Lanul, full eyed, a ſurname which, according to tradition, was beſtowed on the daughter of Cathmol on account of her beauty; this tradition, however, may have been founded on that partiality which the bards have ſhown to Cathlin of Clutha; for, according to them, no falſehood could dwell in the ſoul of the lovely. 


Oſcar is here called Oſcar of Lego, from his mother being the daughter of Branno, a powerful chief on the banks of that lake. It is remarkable that Oſſian addreſſes no poem to Malvina in which her lover Oſcar was not one of the principal actors. His attention to her after the death of his ſon ſhows that delicacy of ſentiment is not confined, as ſome fondly imagine, to our own poliſhed times. 


Ton-thèna, fire of the wave, was the remarkable ſtar mentioned in the ſeventh book of Temora, which directed the courſe of Larthon to Ireland. It ſeems to have been well known to thoſe who ſailed on that ſea which divides Ireland from South-Britain. As the courſe of Oſſian was along the coaſt of Inis-huna, he mentions with propriety that ſtar which directed the voyage of the colony from that country to Ireland. 


Rath-col, woody field, does not appear to have been the reſidence of Duth-carmor: he ſeems rather to have been forced thither by a ſtorm; at leaſt I ſhould think that to be the meaning of the poet from his expreſſion that Ton-thèna had hid her head, and that he bound his white-boſomed ſails, which is as much as to ſay that the weather was ſtormy and that Duth-carmor put into the bay of Rath-col for ſhelter. 


From this circumſtance ſucceeding bards feigned that Cathlin, who is here in the diſguiſe of a young warrior, had fallen in love with Duth-carmor at a feaſt to which he had been invited by her father. Her love was converted into deteſtation for him after he had murdered her father. But as thoſe rainbows of heaven are changeful, ſay my authors, ſpeaking of women, ſhe felt the return of her former paſſion upon the approach of Duth-carmor's danger. I myſelf, who think more favourably of the ſex, muſt attribute the agitation of Cathlin's mind to her extreme ſenſibility to the injuries done her by Duth-carmor; and this opinion is favoured by the ſequel of the ſtory.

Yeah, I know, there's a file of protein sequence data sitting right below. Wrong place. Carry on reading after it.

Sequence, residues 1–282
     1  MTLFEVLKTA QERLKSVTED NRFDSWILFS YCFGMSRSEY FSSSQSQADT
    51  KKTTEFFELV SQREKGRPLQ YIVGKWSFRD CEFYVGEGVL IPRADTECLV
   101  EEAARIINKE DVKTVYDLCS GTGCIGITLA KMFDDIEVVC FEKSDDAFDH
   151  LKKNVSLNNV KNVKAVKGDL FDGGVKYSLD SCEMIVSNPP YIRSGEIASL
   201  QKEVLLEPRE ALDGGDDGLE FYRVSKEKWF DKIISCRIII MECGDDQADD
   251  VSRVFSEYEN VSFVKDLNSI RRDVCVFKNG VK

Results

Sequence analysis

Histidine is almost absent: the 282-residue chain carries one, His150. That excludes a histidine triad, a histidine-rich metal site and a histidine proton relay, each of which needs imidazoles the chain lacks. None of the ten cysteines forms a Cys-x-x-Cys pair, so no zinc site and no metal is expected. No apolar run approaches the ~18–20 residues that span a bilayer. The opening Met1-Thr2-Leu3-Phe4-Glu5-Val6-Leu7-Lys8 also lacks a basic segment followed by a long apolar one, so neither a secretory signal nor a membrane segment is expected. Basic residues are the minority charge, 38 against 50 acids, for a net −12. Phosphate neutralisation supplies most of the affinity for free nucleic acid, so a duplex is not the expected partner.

This paſſage alludes to the well-known cuſtom among the ancient kings of Scotland to retire from their army on the night preceding a battle. The ſtory which Oſſian introduces in the next paragraph concerns the fall of the Druids. It is ſaid in many old poems that the Druids, in the extremity of their affairs, had ſolicited and obtained aid from Scandinavia. Among the auxiliaries there came many pretended magicians, which circumſtance Oſſian alludes to in his deſcription of the ſon of Loda. Magic and incantation could not, however, prevail; for Trenmor, aſſiſted by the valour of his ſon Trathal, entirely broke the power of the Druids. 


Trenmor and Trathal. Oſſian introduced this epiſode as an example to his ſon from ancient times. 


Thoſe who deliver down this poem in tradition lament that there is a great part of it loſt. In particular, they regret the loſs of an epiſode which was here introduced with the ſequel of the ſtory of Carmal and his Druids. Their attachment to it was founded on the deſcriptions of magical enchantments which it contained.